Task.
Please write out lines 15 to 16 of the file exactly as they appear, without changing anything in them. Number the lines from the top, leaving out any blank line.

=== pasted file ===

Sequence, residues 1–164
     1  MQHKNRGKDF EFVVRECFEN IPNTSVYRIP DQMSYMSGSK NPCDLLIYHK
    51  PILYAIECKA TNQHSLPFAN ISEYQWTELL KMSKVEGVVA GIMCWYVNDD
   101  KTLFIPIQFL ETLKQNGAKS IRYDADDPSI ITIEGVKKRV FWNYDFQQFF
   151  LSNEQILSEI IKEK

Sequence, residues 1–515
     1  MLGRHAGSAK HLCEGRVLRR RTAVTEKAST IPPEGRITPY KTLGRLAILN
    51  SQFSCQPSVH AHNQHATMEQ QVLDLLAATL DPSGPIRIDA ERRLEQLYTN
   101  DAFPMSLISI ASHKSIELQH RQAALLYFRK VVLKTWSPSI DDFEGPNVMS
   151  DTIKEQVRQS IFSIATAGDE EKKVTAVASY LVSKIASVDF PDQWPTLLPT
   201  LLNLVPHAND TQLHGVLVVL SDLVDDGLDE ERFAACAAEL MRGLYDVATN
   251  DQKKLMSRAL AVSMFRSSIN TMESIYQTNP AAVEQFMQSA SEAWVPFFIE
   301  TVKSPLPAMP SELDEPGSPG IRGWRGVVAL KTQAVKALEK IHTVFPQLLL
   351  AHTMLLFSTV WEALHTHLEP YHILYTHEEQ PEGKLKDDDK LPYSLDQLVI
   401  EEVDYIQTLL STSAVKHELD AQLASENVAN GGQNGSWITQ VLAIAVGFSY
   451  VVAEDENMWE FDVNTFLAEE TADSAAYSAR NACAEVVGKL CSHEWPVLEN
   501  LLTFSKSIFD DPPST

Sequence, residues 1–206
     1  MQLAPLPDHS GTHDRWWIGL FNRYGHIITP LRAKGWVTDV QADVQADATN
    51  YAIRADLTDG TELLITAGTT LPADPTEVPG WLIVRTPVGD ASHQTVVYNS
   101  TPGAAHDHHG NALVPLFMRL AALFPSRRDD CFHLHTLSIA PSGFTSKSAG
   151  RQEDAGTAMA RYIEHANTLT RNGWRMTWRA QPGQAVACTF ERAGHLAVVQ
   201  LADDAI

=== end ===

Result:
   401  EEVDYIQTLL STSAVKHELD AQLASENVAN GGQNGSWITQ VLAIAVGFSY
   451  VVAEDENMWE FDVNTFLAEE TADSAAYSAR NACAEVVGKL CSHEWPVLEN